Our Do Start-Up challenge is about tipping mindless consumption into participation where folk become solvers of real-life problems. So, what other systemic social issues could we tackle collaboratively using a citizen-science ‘swarming’ approach? Where’s the biggest potential? What idea(s) can we rapidly prototype? How do we make the complex simple? What’s the business model that will encourage sustainable growth and participation?
Andy Middleton, TYF
Wild geese save two thirds of their energy by flying in formation towards the same place. Business and government could do the same to take innovation for sustainability to the scale that our communities children and nature need.
We're off the ground already, with half a dozen businesses on board. How do we blast through the sound barrier? What's are the patterns and connections we need to build? How do create opportunity for others as things change?
How do we take use Do Lectures talent and magic to pivot at country scale and use Wales as a prototype lab for the world? How do we make sure that whatever happens, we can say we did everything we could?
James Lynch, Fforest
Small town futures.
There are three Cardigan crops: food, tourists, youth. Local kids grow up with the land, the sea and community. Riches. They love their place, but many leave to find a future, come back when they retire. energy spent.
How can we combine food production, tourism services and technology to create a year round business that keeps the energy here? A business that forms a new (and a bit old) template for rural communities in the beautiful places throughout the uk.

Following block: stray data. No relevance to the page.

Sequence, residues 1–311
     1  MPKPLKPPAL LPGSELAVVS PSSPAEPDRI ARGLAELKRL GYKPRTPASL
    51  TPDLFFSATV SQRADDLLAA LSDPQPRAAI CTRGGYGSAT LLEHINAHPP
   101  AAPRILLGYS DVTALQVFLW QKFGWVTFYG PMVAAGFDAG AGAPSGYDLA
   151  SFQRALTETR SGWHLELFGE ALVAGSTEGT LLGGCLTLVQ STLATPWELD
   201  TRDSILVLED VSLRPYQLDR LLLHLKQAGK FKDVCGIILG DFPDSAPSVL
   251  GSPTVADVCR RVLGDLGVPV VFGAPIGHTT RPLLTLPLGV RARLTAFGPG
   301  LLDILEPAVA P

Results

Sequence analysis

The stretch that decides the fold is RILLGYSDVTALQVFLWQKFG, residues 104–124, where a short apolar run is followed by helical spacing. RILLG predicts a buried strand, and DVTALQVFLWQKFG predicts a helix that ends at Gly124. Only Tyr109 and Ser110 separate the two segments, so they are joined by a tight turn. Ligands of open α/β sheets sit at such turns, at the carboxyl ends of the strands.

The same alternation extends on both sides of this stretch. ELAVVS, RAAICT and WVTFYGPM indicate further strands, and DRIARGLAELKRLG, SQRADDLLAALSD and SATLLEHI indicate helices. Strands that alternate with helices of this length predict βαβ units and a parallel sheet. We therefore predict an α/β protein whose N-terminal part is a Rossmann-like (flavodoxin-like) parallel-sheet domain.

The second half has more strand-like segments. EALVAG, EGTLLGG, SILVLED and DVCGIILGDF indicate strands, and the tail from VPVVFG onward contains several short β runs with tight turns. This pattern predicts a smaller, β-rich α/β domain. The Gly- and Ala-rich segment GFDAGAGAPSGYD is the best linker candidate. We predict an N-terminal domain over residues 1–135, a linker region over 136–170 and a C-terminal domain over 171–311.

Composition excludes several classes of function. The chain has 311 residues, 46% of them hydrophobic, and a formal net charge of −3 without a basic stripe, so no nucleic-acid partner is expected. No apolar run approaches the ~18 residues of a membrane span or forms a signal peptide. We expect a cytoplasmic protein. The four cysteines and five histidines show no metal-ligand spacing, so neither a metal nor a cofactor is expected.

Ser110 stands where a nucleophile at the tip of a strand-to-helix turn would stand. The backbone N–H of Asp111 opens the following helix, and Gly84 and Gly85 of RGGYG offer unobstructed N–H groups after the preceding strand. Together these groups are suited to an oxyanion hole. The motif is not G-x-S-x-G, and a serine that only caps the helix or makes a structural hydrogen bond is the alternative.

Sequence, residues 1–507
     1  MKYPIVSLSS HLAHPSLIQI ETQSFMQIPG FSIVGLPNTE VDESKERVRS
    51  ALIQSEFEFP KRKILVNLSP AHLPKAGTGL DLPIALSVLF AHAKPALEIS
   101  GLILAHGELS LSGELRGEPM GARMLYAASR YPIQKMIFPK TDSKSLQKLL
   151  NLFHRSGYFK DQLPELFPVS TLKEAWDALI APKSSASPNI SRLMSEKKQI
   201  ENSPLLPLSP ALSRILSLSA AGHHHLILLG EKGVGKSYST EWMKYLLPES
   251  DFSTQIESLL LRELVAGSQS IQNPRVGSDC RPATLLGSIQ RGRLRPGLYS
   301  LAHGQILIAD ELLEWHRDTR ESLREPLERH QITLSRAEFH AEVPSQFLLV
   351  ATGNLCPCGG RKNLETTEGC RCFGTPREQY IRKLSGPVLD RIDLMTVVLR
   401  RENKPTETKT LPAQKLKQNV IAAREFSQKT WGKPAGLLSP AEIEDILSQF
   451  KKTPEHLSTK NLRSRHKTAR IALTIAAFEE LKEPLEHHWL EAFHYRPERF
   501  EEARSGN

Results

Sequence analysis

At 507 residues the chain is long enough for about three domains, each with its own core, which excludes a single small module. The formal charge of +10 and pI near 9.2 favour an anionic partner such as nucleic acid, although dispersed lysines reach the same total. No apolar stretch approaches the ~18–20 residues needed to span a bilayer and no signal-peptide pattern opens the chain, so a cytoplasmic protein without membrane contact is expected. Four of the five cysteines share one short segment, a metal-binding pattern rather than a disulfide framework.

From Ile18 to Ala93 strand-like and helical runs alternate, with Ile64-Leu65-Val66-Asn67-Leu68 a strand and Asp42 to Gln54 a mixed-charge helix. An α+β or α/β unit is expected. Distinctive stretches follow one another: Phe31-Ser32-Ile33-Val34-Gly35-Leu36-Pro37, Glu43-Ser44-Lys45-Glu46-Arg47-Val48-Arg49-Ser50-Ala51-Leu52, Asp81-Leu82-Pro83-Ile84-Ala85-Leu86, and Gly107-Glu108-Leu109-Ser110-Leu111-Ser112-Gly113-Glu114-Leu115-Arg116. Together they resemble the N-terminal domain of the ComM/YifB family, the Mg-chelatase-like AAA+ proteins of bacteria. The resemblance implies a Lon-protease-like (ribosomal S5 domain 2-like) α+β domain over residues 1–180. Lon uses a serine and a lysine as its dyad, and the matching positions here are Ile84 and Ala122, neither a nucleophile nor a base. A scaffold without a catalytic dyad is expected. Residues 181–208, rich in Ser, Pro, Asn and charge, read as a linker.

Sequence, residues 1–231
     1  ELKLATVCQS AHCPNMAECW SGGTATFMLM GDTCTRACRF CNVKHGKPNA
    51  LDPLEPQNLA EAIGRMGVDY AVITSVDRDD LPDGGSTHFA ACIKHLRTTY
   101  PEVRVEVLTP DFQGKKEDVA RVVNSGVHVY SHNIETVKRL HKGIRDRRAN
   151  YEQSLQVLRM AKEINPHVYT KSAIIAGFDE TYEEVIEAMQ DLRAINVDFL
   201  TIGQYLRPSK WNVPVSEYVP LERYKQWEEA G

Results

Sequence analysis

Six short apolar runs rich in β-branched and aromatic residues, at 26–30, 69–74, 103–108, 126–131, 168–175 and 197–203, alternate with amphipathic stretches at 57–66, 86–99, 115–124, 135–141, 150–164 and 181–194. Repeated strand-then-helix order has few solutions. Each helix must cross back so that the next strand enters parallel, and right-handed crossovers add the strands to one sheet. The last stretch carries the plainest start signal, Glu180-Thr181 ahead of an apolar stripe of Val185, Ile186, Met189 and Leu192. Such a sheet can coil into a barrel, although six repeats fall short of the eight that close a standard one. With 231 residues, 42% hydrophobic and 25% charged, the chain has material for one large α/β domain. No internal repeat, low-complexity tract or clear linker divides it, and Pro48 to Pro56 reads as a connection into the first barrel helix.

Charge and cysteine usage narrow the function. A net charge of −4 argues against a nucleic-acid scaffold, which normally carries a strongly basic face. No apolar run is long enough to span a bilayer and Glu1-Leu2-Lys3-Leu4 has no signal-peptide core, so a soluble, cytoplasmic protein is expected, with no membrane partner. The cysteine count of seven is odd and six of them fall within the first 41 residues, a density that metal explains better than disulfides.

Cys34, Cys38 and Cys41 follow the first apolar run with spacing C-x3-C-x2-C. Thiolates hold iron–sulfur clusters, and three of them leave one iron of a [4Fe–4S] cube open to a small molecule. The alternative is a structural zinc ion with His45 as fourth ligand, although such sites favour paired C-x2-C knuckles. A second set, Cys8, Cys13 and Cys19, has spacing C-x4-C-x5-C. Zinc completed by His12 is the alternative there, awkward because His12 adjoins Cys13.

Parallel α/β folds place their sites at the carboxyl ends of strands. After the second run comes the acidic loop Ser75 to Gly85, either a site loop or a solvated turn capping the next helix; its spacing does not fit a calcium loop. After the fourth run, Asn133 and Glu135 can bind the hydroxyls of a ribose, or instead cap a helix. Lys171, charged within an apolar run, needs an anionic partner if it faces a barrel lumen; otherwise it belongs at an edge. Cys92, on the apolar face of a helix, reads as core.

Mark Shayler, TicketyBoo
Developing a circular economy: reinventing manufacturing in Britain.
If we don’t have stuff we can’t make things. We have a linear economy. We take, make, use, and dispose. Only 19% of materials used in the UK are circular. Only 1% of materials used are still in use 6 months later. China owns the rights to 97% of the world’s rare earths. Key manufacturing skills are only 5 years from being lost from the UK. There will be 2 billion more middle class in the East by 2030. Why would the East sell the West anything when they have a big enough market at home?
Enough! How do we begin to manufacture in Britain again? What do we make? Who for? How? What does a circular economy business model look like? How does it make money? How does it make brilliant products that people want?
We are going to start a circular economy business. We will design the product, source the product, pack the product, brand the product, identify the market, develop the brand (one that means something – no brand-bollocks here), and build the business plan. Any sector. Any product. Any place
Carlo Navato, Haxstead Estates
Housing a growing population in a sustainable way
There is a predicted shortfall of up to 1,100,000 homes in England by 2016;
the number of house constructions started in England in the year to March 2012 was 104,970 compared with the projected formation of 223,000 households a year. 7.4 million homes in England fail to meet the Government's Decent Homes Standard. In 2008/09, 654,000 households in England were overcrowded. The average age of a first-time buyer (unaided by money from relatives) has risen to 37. Every £1 invested in infrastructure generates £2.84 in total economic activity.
Given the deepening housing crisis across the UK, how do we transform housing delivery to ensure, in a way that is affordable to both society and to the environment, that every household has a decent home?